Environmental protection and Sustainability

Top priorities at Munich Airport

Pro-environment strategy

The construction of an airport inevitably leads to interventions in the ecosystem of a region. Yet, Munich Airport is committed minimizing such impact. To this end it has created a department to handle ecological issues such as aircraft noise, air management, energy supply or waste and water management. Munich Airport has set itself the goal of achieving its growth targets on a carbon-neutral basis by 2020 compared to the baseline year 2005.

Vehicles and transport systems consume energy and produce pollutants that advance global warming. Aviation's share in the total quantity of the global carbon emissions contributing to climate change is roughly two percent.

Munich Airport's pro-environment strategy allows for the operation and development of the airport in a manner that effectively controls and contains environmental impact and complies with statutory regulations and environmental requirements. For example, Munich Airport generates more than half of the power needed in an on-site combined heat, power and cooling plant. The outstanding efficiency of this form of energy conversion allows the airport to save around 30,000 metric tons of carbon emissions annually.

As part of this project, Munich Airport is currently running 115 vehicles on a diesel/ vegetable oil mix and a further 39 on bio-ethanol. The airport also classifies aircraft according to the noise levels measured during takeoff and landing operations. Aircraft in the lowest noise category pay landing fees eight times lower than those classed as the noisiest. Raw materials are becoming increasingly scarce all over the world, yet demand for them is rising all the time. Therefore Munich Airport seeks to reduce waste, to recover and recycle materials where it can, and to use waste as an energy source.

  • At a speed of around 20 km/h, a bee flies across its collection area of a two to three-kilometer radius around the airport about 40 to 60 times a day.
  • The poor airport meadows represent an ideal, undisturbed breeding area for the lapwing. Well over 100 breeding pairs can be found here each year. The lapwing is classified as highly endangered in Bavaria (Bavarian Red List: Level 2).
  • The new Airbus A350 with an energy saving turbine
  • Flowering meadow near the airport

From regional to international food

Special focus lies on the conservation of the surrounding countryside. Munich Airport, with a total size of around 1,500 hectares, takes only 5.9% of the former marshes and moss area where it is located. Nevertheless, compensatory initiatives were taken for the airport ground itself, the airport boundary zone and the extended area.

More than two thirds of the actual airport property is green. These areas have different functions depending on their location. Near the flight operation areas they have to meet special requirements, e. g. they must be capable of bearing weight and be as economical as possible to maintain. The trees along the main roads help with orientation and traffic guidance. More than 6,000 trees have been planted for this reason.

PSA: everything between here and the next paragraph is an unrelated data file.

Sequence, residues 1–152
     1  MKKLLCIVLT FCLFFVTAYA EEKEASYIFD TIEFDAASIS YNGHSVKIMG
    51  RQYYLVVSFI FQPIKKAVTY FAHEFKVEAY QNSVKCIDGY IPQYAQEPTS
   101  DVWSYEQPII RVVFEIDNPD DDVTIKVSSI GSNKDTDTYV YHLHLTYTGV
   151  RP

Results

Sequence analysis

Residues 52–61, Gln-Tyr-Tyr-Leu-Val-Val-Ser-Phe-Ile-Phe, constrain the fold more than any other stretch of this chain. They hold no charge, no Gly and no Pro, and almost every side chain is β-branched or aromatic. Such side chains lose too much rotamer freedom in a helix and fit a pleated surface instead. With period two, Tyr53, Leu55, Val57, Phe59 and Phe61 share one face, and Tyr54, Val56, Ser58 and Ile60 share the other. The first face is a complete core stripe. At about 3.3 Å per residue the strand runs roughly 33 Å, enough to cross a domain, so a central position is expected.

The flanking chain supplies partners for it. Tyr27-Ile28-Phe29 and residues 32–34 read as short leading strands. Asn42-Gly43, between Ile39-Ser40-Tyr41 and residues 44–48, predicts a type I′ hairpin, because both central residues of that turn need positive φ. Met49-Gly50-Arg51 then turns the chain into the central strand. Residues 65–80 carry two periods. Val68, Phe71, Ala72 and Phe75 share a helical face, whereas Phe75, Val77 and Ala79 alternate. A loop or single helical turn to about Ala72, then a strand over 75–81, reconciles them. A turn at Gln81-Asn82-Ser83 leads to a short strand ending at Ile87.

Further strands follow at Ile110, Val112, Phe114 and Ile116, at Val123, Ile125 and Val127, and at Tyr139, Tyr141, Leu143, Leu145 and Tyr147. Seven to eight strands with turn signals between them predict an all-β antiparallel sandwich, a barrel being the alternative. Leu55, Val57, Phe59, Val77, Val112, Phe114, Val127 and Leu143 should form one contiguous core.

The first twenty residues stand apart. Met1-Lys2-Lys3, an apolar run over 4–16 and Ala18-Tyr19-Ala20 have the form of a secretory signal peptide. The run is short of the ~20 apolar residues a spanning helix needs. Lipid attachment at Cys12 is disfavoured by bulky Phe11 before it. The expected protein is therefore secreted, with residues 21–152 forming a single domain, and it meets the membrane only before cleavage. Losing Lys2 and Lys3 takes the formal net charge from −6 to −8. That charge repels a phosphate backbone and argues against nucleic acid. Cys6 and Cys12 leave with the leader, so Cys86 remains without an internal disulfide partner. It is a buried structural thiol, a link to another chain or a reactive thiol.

The airport boundary zone is a buffer to the open countryside. It represents the transition from airport property to open countryside. More than 80 hectares of wooded area and 110 hectares of lawn and meadow were created. The hedges and groves were planted with native species. Shrubs and trees with berries were kept to a minimum to reduce the risk of bird hits. These plantings also protect the agricultural areas from wind erosion.

Compensatory measures led to a wide greenbelt around the airport. The ecological replacement measures in the extended area are spread over 5,000 hectares. The greenbelt represents a link between the existing conservation areas and landscape preservation areas. It facilitates the exchange and spread of plant and animal species.

Studies have shown that the airport's ecological compensation areas in their entirety are important for the preservation of biotopes. The mentioned measures contribute to the conservation of the beauty, diversity and individuality of the region. Some areas have even attracted species that are important for conservation.

In 2011, Munich Airport reached another milestone in nature conservation: Airport Council International (ACI Europe), an umbrella organization of European airports, has officially certified Munich Airport's successful measures to reduce carbon dioxide emissions. The level 3 accreditation granted to the airport corresponds to the "Optimization" performance level. Under the ACI categories, the Optimization standard is recognized for airports that demonstrate effective and sustainable efforts to avoid CO2 emissions. Munich is the first airport in Germany to receive this accreditation level from ACI. Munich Airport submitted its accreditation request in 2010, retroactively for 2009. The decisive factor for the success of the application was the fact that the CO2 emissions recorded in 2009 were 17,000 tons lower than the average level of the preceding three years.

More information


Corinna Born

Corinna Born

Director International Media Relations